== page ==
Some are able to make the change completely and almost instantly. Others step themselves out over a longer period time as they reduce then drop added sugar, reduce and drop added salt, cut out red meat, then chicken and finally fish and dairy.

Does slipping set me back?

Yes it does unfortunately. Healthwise how 'bad' it is depends on how often you keep slipping but there is no scale on how to measure this.

If you have a serious health condition the problem could be dire. Talk it over with your doctor and seek support from other WFPB followers.

And remember, you actually don't have to do this 'diet' for ever. You only need to do it today.

What's the real danger in slipping?

The problem with slipping is that your sense of taste doesn't fully adjust. The more you slip the longer you will hanker for the taste of certain foods. Slipping can also happen for social reasons too.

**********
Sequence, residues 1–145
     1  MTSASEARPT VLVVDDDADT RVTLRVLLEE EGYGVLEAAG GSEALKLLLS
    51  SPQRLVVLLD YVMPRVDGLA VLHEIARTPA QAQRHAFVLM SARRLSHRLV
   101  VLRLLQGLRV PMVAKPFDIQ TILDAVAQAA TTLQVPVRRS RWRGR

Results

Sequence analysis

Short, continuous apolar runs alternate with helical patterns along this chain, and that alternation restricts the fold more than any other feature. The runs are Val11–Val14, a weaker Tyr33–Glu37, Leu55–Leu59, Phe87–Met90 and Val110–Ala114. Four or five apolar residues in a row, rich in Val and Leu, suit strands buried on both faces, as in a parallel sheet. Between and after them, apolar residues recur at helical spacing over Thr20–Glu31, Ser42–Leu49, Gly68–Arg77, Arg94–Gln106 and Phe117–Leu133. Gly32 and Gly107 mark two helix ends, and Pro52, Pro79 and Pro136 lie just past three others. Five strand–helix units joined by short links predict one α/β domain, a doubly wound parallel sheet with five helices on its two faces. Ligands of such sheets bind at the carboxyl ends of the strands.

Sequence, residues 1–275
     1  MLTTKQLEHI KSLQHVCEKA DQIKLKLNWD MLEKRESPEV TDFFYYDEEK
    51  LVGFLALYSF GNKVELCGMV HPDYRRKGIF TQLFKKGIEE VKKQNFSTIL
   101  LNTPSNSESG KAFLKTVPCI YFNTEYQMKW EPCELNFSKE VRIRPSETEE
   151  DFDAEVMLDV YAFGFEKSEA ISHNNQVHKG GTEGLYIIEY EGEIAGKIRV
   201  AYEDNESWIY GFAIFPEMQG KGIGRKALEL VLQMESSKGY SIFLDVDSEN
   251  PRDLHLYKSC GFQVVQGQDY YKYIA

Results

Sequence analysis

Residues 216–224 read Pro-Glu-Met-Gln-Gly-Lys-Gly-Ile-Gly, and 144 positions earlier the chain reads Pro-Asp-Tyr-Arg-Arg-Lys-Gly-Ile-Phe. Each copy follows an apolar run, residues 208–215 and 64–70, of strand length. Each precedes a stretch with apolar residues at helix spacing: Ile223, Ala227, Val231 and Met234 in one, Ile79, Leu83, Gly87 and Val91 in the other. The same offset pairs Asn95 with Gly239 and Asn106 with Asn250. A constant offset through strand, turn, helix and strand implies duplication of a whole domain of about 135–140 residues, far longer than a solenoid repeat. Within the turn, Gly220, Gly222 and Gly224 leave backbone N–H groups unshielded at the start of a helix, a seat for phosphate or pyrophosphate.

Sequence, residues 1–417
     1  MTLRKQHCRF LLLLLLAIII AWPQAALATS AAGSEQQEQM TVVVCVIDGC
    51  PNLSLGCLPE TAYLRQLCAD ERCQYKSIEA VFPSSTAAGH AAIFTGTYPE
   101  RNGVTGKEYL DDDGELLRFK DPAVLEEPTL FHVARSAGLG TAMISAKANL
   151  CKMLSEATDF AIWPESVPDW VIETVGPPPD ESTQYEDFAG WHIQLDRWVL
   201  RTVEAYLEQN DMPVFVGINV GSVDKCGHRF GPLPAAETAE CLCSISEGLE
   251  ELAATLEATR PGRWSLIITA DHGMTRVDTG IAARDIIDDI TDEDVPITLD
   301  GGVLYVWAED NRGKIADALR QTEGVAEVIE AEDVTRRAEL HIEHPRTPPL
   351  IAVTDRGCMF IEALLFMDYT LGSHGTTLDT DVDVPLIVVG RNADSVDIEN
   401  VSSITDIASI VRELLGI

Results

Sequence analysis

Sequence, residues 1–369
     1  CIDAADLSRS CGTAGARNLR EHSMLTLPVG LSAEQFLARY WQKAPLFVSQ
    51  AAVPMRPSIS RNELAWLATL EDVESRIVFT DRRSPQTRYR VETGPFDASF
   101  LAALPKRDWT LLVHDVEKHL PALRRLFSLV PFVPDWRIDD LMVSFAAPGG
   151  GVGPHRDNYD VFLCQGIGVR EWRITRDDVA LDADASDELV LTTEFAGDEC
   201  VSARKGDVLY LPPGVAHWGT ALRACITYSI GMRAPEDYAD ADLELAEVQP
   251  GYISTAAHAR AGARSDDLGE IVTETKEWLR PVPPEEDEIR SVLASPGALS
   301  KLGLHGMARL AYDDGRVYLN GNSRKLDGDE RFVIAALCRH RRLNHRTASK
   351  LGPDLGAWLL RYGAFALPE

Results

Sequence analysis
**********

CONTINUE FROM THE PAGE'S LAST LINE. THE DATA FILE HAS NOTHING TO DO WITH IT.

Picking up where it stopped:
Pressure from workmates at a farewell lunch, morning tea with friend. "OMG you're what?"

We're all human. You just need help. We all do from time to time.

Heart Health

Will a plant based diet improve my heart health?

It certainly will.

A good plant based diet contains a lot of fiber, vitamins, and minerals that help lower blood pressure and LDL (bad) cholesterol which are primary contributors to serious heart issues.

It also reduces your risk of diabetes and helps you to  maintain a healthy weight.

Can a WFPB diet reverse heart disease?

It most certainly can. And, there considerable evidence to proving that it will also prevent the onset of range of heart and general health conditions.

Check out what American cardiologist, Dr Steven Lederman, has to say about this.

But I don't have heart disease. What's the point?

Prevention is always far better than cure.

There is considerable evidence which shows that there is no downside to adopting a whole food diet along with clear proof that such a diet will result in less risk of heart failure.

Need more help? Send us a note!